Big Think Launches 10 Under 25
Know an exceptional young talent under the age of 25? Think they would be a good candidate for the web's most engaging global thought forum? Big Think is launching a new series called 10 Under 25 this Friday and we are soliciting nominations from the Big Think community.
Or maybe one of those exceptional candidates is you.
Either way, create an argument for why you or they should be one of Big Think's 10 Under 25. Tape it via webcam and upload it to a Big Think expert page designated for that young expert. The most exceptional among them will be invited to the Big Think studio for an interview this spring.
High schools, colleges, and students themselves are encouraged to submit their nominations for immediate consideration. Please also include a young achiever's profile complete with a summary of their accomplishments and contact information to Zachary at firstname.lastname@example.org. Because at Big Think, youth is never wasted on the young.
What can 3D printing do for medicine? The "sky is the limit," says Northwell Health researcher Dr. Todd Goldstein.
- Medical professionals are currently using 3D printers to create prosthetics and patient-specific organ models that doctors can use to prepare for surgery.
- Eventually, scientists hope to print patient-specific organs that can be transplanted safely into the human body.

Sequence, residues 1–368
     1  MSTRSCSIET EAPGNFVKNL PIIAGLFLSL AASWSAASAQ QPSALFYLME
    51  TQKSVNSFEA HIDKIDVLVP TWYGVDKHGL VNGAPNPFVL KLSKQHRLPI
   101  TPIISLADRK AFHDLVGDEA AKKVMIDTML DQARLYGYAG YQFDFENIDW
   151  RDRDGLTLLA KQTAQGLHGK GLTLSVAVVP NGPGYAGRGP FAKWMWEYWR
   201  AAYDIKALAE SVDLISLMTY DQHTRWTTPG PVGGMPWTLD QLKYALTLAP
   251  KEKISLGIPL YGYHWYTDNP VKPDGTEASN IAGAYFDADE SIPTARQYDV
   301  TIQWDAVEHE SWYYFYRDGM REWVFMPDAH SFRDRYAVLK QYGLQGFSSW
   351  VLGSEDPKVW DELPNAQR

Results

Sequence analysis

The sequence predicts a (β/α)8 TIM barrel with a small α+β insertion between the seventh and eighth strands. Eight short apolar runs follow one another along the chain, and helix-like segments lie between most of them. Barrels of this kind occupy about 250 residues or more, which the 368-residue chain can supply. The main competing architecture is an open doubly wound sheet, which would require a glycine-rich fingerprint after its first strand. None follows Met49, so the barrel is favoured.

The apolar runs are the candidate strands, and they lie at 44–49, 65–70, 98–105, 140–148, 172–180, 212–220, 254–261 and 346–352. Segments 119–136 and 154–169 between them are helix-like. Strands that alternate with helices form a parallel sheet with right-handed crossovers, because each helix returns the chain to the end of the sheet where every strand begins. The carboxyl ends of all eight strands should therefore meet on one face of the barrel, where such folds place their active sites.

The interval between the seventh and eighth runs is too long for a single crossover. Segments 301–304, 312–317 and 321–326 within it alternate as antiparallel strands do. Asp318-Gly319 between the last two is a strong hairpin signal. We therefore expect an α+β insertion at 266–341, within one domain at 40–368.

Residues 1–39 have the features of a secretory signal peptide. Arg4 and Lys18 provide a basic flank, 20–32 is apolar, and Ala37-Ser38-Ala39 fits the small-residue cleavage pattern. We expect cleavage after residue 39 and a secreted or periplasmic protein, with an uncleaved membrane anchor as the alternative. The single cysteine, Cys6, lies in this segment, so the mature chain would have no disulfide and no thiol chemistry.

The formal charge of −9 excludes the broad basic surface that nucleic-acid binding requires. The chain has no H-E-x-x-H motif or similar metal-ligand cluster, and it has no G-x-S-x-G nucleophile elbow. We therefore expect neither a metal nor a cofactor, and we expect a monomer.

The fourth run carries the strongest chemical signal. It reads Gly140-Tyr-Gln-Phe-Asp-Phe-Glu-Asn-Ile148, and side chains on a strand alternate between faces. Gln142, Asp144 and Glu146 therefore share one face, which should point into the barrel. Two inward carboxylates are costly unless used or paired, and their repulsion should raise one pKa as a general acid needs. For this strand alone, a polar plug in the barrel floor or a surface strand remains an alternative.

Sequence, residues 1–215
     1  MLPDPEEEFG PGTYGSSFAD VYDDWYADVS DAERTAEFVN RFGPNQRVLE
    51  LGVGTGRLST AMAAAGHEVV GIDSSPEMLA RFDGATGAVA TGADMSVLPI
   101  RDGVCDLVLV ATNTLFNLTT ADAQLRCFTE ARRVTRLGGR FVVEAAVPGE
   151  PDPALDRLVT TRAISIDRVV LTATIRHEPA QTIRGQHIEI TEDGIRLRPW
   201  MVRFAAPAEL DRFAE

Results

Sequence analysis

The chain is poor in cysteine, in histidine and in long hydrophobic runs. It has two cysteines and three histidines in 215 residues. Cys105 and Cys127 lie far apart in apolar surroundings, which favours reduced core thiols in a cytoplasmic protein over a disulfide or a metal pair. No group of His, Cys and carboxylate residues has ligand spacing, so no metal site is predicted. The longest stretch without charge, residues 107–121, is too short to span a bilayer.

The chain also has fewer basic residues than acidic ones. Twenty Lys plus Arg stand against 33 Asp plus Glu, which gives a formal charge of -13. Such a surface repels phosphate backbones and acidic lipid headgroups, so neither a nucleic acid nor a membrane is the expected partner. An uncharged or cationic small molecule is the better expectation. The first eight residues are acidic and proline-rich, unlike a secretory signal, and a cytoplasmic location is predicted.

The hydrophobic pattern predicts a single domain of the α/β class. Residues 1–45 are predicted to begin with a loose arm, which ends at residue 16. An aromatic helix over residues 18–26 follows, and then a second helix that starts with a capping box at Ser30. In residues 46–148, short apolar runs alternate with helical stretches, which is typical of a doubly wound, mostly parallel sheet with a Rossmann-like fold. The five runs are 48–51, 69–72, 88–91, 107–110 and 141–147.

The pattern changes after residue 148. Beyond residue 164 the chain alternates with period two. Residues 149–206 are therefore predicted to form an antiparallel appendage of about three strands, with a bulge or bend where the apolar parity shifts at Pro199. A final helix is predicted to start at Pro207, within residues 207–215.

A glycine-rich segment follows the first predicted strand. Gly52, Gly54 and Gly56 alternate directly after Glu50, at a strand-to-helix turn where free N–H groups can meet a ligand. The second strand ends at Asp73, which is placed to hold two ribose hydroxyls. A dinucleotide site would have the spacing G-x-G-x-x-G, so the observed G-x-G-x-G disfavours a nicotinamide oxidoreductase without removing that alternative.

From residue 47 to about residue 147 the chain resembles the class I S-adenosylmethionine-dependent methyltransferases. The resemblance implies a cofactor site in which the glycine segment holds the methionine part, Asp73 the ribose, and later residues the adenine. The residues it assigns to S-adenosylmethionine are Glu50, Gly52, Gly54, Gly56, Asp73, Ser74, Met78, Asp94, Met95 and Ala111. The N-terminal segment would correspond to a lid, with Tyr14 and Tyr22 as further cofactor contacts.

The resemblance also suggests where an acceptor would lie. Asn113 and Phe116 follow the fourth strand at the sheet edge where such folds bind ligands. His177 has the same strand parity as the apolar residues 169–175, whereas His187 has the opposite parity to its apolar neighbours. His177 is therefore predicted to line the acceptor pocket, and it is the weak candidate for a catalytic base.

- Northwell Health, New York State's largest health care provider, is pioneering 3D printing in medicine in three key ways.
It's a "canary in the coalmine," said one climate scientist.
- A team of researchers discovered that permafrost in Northern Canada is melting at unusually fast rates.
- This could causes dangerous and costly erosion, and it's likely speeding up climate change because thawing permafrost releases heat-trapping gasses into the atmosphere.
- This week, Canada's House of Commons declared a national climate emergency.
One of Stephen Hawking's predictions seems to have been borne out in a man-made "black hole".
- Stephen Hawking predicted virtual particles splitting in two from the gravitational pull of black holes.
- Black holes, he also said, would eventually evaporate due to the absorption of negatively charged virtual particles.
- A scientist has built a black hole analogue based on sound instead of light.
Not every part of a satellite burns up in reentry. Considering the growing number of satellites in orbital space, that's a big problem.
- Earth's orbital space is getting more crowded by the day.
- The more satellites and space junk we put into orbit, the greater a risk that there could be a collision.
- Not all materials burn up during reentry; that's why scientists need to stress test satellite parts to ensure that they won't become deadly falling objects.
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